A Study to Decrease Suicidal Thinking Using Ketamine
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|ClinicalTrials.gov Identifier: NCT02418702|
Recruitment Status : Withdrawn (PI no longer at facility.)
First Posted : April 16, 2015
Last Update Posted : September 2, 2019
|Condition or disease||Intervention/treatment||Phase|
|Depression Suicide||Drug: 0.2 mg/kg ketamine Other: placebo||Phase 3|
Patients presenting for acute suicidality have few immediate treatment options to alleviate their suffering aside from psychiatric hospitalization for safety assurance. Therapy and psychiatry medication may decrease depression over time, but this does little to improve depression and suicidal thinking in the short term. Preliminary data from a recent study by Larkin et al at Yale University showed evidence to support a promising novel treatment modality with rapid effects on suicidal ideation for up to 10 days post infusion through the use of a single sub-anesthetic rapid intravenous bolus dose of ketamine (0.2-mg/kg) administered in the acute Emergency Department setting. This study showed favorable evidence to support further investigation into the use of a single sub-anesthetic bolus dose of ketamine in acutely depressed and/or suicidal patients in the emergency room setting. Based on the success of this study, Naval Medical Center San Diego (NMCSD) started the previously mentioned, small, unfunded randomized, placebo-controlled trial of this ketamine protocol for patients who were pending psychiatric hospitalization because of suicidal thinking. Data collection was highly flawed, but unpublished, preliminary results show that the ketamine treatment resulted in significant decreased in suicidal thinking.
Of note, there were no adverse events associated with the ketamine administration. Although the infusion was done in an Emergency Department (ED) setting, the patients were seated in clinic chairs, and required no additional monitoring or intervention beyond what could be provided in any clinic our psychiatric hospital setting. It is the intent of the project to expand on our unfunded trial, allowing us to treat a wider range of participants who come in to the psychiatric ward because of suicidal thinking. This study is being pursued in the context that existing therapies for major depression have a lag of onset of action of several weeks, resulting in an increased risk of possible and considerable morbidity and possibly mortality through suicide. This study would explore the efficacy of Ketamine's (a N-Methyl-D-aspartate (NMDA) receptor antagonist) rapid and potentially long-lasting antidepressant effects in a suicidal population. The Investigators hope to gather data that could potentially impact treatment practices in the military setting for acutely depressed patients. This may potentially shorten, delay, or even forgo admissions to the psychiatric ward in the future, as well as potentially reducing the long term suicidality.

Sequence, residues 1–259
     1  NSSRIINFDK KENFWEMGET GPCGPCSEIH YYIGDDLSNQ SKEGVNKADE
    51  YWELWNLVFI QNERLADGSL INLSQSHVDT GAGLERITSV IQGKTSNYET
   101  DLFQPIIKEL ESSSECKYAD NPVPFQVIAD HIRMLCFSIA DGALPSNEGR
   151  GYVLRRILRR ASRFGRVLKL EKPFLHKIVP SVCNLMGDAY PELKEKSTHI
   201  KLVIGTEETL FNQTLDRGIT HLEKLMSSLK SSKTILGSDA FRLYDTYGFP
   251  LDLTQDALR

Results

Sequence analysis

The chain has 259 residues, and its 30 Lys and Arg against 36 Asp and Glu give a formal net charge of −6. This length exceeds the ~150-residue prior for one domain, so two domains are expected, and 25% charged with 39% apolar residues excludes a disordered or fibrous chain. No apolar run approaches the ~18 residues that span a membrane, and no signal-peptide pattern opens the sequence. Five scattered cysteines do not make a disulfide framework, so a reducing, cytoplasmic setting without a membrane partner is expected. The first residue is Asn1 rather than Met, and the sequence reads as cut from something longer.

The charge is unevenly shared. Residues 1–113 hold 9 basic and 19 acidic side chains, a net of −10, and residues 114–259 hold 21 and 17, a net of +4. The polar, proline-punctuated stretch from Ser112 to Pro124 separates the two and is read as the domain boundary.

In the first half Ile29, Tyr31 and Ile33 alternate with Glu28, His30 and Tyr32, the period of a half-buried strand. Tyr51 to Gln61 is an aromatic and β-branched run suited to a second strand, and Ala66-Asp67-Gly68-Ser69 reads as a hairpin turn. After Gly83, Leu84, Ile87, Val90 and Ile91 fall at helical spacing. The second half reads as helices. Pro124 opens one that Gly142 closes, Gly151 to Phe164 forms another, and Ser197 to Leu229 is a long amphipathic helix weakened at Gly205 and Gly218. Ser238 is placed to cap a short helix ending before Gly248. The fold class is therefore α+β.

|Study Type :||Interventional (Clinical Trial)|
|Actual Enrollment :||0 participants|
|Intervention Model:||Parallel Assignment|
|Masking:||Double (Participant, Investigator)|
|Official Title:||A Randomized Controlled Trial to Decrease Suicidal Thinking Using Ketamine|
|Estimated Study Start Date :||August 2016|
|Estimated Primary Completion Date :||August 2016|
|Estimated Study Completion Date :||August 2017|
Experimental: 0.2mg/kg ketamine
After being assessed, and giving informed consent, participants would receive 0.2mg/kg ketamine. Their suicidal thinking, depression, and other symptoms would be monitored acutely for 240 min after drug infusion, and the for lasting changes the next day, at hospital discharge, 2 weeks, and 10 weeks.
Drug: 0.2 mg/kg ketamine
20 patients will randomly be assigned 0.2 mg/kg of Ketamine
Other Name: Ketamine
Placebo Comparator: placebo
After being assessed, and giving informed consent, participants would receive a placebo. Symptoms will be monitored.
20 patients will randomly be assigned a placebo
- Change in baseline in depressive symptoms measured by Beck Scale for Suicide ideation (BSS), Beck Hopelessness Scale (BHS), and Beck Depression Index (BDI) [ Time Frame: baseline and 240 minutes ]measure whether a significant reduction in depressive symptoms, as assessed by the BSS, BHS, and BDI occurs shortly after administration of ketamine
- Change in baseline in depressive symptoms measured by Beck Scale for Suicide ideation (BSS), Beck Hopelessness Scale (BHS), and Beck Depression Index (BDI) [ Time Frame: baseline and 2 weeks ]
- Change in baseline in depressive symptoms measured by Beck Scale for Suicide ideation (BSS), Beck Hopelessness Scale (BHS), and Beck Depression Index (BDI) [ Time Frame: baseline and 10 weeks ]
- Reduction in suicidal thinking measured by BSS, BHS, and BDI [ Time Frame: 1 day post-infusion ]single bolus of ketamine's effect on sustained reduction of symptoms
- Reduction in suicidal thinking measured by BSS, BHS, and BDI [ Time Frame: 2 weeks post-infusion ]
- Reduction in suicidal thinking measured by BSS, BHS, and BDI [ Time Frame: 10 weeks post-infusion ]
To learn more about this study, you or your doctor may contact the study research staff using the contact information provided by the sponsor.
Please refer to this study by its ClinicalTrials.gov identifier (NCT number): NCT02418702
|United States, California|
|Naval Medical Center San Diego|
|San Diego, California, United States, 92134|
|Principal Investigator:||Marc A Capobianco||United States Naval Medical Center, San Diego|